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Someone has called me a liar and a thief, and has failed to produce any explanation or evidence. Nonviolent Communication suggests that I ask, “what is it you need?”

Bob-newhartMost management books are flawed, says Chris Argyris in Flawed Advice and the Management Trap. Management books usually give advice using a “Model 2” mindset, while organizations are stuck in a “Model 1” mindset. Argyris’ conclusion (which I find overly simplistic, but still useful) can be translated into systems thinking by saying that the current culture in an organization rejects new ideas when the new ideas are incompatible with the old ones, and the advice doesn’t say how to get rid of the old ideas. Or, in Argyris’ words, the experts often don’t explain how to move from Model 1 to Model 2.

For example, when there’s lack of trust in organizations, management writers (including me) usually respond by suggesting there should be more trust.

When managers are not delegating decisions to teams, the common advice is to empower people and delegate more to teams.

When people have developed the unhealthy habit of smoking, their friends often suggest that they should stop smoking.

They mean it well, but it’s not very helpful.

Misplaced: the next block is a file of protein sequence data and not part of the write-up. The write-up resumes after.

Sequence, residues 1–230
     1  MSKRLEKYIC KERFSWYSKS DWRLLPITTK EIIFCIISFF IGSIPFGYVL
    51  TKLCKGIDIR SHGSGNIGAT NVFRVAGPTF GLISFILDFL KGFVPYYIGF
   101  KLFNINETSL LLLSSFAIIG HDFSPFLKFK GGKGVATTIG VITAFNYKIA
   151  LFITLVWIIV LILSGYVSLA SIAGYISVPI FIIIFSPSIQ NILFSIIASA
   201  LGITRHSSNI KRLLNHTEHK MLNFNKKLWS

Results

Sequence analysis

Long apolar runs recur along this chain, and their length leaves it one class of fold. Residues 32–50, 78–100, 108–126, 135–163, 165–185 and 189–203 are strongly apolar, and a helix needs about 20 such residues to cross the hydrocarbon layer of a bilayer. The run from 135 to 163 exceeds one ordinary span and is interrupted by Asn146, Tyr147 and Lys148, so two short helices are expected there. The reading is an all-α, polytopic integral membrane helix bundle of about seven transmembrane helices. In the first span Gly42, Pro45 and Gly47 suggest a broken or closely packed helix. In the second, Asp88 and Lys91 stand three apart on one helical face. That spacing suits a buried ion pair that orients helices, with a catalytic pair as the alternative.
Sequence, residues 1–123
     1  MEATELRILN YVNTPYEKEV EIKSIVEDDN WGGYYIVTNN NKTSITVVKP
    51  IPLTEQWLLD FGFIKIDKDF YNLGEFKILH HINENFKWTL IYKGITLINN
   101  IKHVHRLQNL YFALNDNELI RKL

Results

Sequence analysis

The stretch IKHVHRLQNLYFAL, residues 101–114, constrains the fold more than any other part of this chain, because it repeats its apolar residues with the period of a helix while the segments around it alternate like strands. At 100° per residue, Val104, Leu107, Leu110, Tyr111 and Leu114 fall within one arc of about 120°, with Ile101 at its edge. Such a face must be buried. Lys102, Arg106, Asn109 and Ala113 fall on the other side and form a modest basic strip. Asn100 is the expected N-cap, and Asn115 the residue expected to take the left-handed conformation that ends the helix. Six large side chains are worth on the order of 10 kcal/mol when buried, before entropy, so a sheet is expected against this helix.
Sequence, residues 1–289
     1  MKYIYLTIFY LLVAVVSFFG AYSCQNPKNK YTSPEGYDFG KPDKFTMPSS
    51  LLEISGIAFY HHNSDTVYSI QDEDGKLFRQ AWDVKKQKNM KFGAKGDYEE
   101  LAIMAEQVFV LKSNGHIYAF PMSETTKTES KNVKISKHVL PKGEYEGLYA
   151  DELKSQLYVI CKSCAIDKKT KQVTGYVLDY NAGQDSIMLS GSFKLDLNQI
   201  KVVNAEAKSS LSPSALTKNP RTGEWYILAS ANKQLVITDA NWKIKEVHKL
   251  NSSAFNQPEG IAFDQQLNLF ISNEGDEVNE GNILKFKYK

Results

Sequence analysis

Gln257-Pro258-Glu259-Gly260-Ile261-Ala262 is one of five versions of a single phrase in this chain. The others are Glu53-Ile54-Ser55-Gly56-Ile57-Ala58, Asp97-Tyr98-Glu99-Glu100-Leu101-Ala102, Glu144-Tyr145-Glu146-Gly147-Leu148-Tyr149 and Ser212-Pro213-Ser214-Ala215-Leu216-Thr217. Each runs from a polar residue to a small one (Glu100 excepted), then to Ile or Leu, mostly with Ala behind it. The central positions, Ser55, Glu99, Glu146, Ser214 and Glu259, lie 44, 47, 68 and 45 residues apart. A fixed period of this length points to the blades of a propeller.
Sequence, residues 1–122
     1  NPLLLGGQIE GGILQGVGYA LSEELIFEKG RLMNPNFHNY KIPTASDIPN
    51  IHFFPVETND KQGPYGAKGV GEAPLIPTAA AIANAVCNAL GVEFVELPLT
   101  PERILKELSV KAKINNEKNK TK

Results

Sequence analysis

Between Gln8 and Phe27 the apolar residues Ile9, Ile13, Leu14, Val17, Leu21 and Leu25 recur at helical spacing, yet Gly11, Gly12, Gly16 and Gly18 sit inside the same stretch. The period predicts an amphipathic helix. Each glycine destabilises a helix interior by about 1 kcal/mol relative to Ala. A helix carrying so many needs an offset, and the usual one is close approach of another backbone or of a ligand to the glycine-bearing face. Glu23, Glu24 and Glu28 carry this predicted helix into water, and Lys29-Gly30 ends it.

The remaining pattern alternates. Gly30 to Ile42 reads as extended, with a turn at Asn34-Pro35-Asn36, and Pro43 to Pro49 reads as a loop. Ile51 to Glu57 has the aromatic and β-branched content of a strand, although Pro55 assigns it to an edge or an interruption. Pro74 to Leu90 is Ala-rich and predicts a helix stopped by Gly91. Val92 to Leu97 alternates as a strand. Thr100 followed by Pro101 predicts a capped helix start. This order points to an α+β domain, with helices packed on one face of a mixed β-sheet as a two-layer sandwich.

Stop It!

It reminds me of a hilarious old video of a psychiatrist who has a very simple solution to all compulsive behaviors and neurological disorders. His advice was clear and simple: STOP IT!

Just stop doing whatever stupid thing it is you’re doing.

Simple, isn’t it?

The latest contender in this category is, in my opinion, a book called Nonviolent Communication (NVC). The author explains, in an admittedly convincing and rational way, that people will benefit greatly if they can separate signals from feelings, and separate needs from requests. It all makes a lot of sense, if your brain is actually able to do this (Model 2). But a vast majority of people suffer from a neurological condition called humanity which means their brains are wetwired to be emotional, not rational (Model 1). The NVC book does not explain how to bypass or overrule the emotional legacy framework that evolution has dumped on us.